The Divide (2012)

It’s the end of the world as we know it. In Hollywood, anyway. If Roland Emmerich isn’t busy blowing it to pieces with aliens and nature, then you’ll be damn sure that zombies will be biting it to death or horrible viruses will be creating a body-bag shortage. In recent months we’ve turned towards a more thoughtful smattering of apocalypse movies, from the bizarre Melancholia to the psychologically intriguing Take Shelter. With comedy / romance Seeking a Friend for the End of the World coming soon, it shows the genre is still ripe for the plucking. And with The Divide, it’s given another boost. Not perfection, but far from Emmerich’s explosively bollocks 2012

The Divide is a taut, disturbing, finely crafted piece of work. Featuring some excellent performances and packed with tension, this only suffers in the inevitably saggy middle, but overall this is 100% worth the watch. The apocalypse is here. Enjoy the show.

Eva (Lauren German) is having a bad day. Not only is she living with her effeminately pointless boyfriend Sam (Iván González), but someone’s dropped some nuclear bombs outside. Inconvenient, huh? Rushing downstairs, she manages to bundle into the basement of her apartment block, along with a smattering of other residents.

We quickly realize the basement is “owned” by the janitor Mickey (Michael Biehn) and luckily for them he’s a post-9/11 paranoid nutcase with lots of stored food and (thankfully) a toilet! Mickey is clearly teetering on the edge of cuckooland, but it’s not Mickey that Eva should be worried about…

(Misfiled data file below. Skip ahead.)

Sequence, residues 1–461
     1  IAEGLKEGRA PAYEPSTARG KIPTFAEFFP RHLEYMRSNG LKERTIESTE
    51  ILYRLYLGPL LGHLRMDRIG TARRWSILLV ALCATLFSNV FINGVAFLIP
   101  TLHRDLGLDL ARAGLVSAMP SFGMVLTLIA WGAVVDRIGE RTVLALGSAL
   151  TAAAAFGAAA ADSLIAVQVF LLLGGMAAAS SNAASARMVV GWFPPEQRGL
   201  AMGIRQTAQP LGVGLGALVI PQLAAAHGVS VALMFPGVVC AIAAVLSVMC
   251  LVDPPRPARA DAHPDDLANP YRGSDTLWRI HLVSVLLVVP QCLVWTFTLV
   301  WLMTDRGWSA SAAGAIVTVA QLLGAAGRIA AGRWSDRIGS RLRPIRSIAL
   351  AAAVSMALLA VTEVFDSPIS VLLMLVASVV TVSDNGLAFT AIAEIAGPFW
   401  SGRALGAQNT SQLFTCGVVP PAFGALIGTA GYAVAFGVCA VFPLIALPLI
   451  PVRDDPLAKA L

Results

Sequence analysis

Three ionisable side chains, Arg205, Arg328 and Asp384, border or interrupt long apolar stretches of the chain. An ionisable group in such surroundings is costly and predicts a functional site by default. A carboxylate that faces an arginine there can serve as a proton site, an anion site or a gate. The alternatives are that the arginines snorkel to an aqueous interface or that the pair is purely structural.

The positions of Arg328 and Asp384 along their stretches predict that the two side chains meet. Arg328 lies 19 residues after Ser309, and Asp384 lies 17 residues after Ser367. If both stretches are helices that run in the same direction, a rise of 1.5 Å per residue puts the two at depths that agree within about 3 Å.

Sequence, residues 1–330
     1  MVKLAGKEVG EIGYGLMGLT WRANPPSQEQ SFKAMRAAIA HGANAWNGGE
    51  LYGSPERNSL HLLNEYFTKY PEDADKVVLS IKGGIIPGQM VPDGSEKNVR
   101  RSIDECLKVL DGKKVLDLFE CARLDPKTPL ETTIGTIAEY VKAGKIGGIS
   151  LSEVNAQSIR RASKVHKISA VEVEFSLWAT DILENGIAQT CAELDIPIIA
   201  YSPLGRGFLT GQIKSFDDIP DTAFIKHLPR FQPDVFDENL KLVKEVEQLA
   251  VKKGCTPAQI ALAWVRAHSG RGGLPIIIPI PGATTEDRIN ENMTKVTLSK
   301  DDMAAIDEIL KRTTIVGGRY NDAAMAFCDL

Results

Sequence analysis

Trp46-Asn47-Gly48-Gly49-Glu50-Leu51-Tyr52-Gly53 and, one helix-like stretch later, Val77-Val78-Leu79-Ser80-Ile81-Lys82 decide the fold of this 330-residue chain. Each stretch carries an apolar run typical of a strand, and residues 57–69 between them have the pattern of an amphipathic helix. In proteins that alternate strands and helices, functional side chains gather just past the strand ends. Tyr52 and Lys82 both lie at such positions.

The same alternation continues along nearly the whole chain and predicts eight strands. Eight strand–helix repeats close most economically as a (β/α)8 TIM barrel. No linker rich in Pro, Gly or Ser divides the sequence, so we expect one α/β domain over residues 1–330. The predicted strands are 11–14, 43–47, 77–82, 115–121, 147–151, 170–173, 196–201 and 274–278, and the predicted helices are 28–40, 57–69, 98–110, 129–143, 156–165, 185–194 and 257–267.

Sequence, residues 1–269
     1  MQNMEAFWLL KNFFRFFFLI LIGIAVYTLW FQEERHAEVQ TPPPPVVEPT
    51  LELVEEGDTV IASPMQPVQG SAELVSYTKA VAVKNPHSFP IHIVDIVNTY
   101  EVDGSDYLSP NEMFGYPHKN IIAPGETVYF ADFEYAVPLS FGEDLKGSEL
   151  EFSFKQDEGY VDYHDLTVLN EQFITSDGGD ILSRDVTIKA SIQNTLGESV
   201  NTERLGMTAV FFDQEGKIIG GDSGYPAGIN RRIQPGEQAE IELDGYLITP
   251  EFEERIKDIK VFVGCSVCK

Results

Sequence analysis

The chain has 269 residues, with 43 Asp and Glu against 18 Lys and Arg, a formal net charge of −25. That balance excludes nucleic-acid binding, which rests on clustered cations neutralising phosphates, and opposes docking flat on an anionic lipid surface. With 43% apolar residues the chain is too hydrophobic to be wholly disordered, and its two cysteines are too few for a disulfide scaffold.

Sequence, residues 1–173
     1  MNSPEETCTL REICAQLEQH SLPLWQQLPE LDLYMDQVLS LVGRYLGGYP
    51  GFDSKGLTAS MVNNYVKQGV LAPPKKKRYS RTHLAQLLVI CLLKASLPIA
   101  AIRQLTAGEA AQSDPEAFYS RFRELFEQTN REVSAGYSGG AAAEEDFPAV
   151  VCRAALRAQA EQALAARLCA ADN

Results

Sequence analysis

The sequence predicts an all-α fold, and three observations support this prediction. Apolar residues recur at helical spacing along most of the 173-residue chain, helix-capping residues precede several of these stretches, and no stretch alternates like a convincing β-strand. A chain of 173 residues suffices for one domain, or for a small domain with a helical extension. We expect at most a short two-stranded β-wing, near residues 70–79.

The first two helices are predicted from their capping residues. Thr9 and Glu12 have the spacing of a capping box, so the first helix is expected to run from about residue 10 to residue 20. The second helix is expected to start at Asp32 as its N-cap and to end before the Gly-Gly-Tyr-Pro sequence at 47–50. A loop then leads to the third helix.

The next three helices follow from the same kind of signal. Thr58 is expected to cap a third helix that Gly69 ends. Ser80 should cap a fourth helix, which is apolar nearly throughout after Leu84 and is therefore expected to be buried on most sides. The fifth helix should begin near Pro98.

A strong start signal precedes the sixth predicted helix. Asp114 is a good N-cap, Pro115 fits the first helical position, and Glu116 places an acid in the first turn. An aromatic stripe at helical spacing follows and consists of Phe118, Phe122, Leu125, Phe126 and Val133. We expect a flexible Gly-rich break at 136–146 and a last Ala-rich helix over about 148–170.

As the ‘survivors’ begin to realize exactly how screwed they are, their sanity slowly slips away and factions begin appearing, turning their safe haven into a claustrophobic tomb made of metal and hopelessness.

For a film set almost entirely in one location, it is surprisingly compelling. It does sag horribly mid-way through, delving too slowly into the deteriorating sanity of the survivors, but luckily this 20 minutes of drag is surrounded by 90 minutes of awesome.

Acting wise, The Divide has a lot of talent on display here. Michael Biehn is utterly superb throughout and perhaps it’s telling that the film sags when his character is inactive (and tied to a chair…).

I was also surprised how good Milo Ventimiglia was, considering he’s normally just an annoying twit, and his ability to realistically display his growing insanity is a credit to his quality as an actor. The other supporting roles do very well and Lauren German’s Eva is efficiently elusive throughout.

Director Xavier Gens (Frontiers, Hitman) does an excellent job of crafting the script of first time writers Karl Mueller and Eron Sheean, making it into a disturbingly dark and claustrophobic experience. The start and end are stunning and Gens proves he is a director to watch.

The Divide is jammed with theme and message, mostly revolving around survival instinct and man’s inhumanity to man. Unfortunately this ensures all characters are morally demented in some fashion, from cowards to rapists, and it’s a grim and harrowing watch. The lack of gallows humour and genuinely likeable characters might have some viewers reaching for the remote, but this is ten times more compelling than other apocalyptic depressers like Carriers or Zombie Diaries 2. The Divide takes itself seriously and it’s a thought-provoking and brutal expression of Humanity’s fragile grasp on sanity.

The Divide would be the perfect companion piece of the computer game franchise Fallout, showing what could happen in one of those horrible vaults. It is superbly crafted, beautifully scored and ultimately a great watch. Narcissistic, dark, brutal and thoroughly enjoyable. Watch it.

Rating: ★★★★★★★½☆☆

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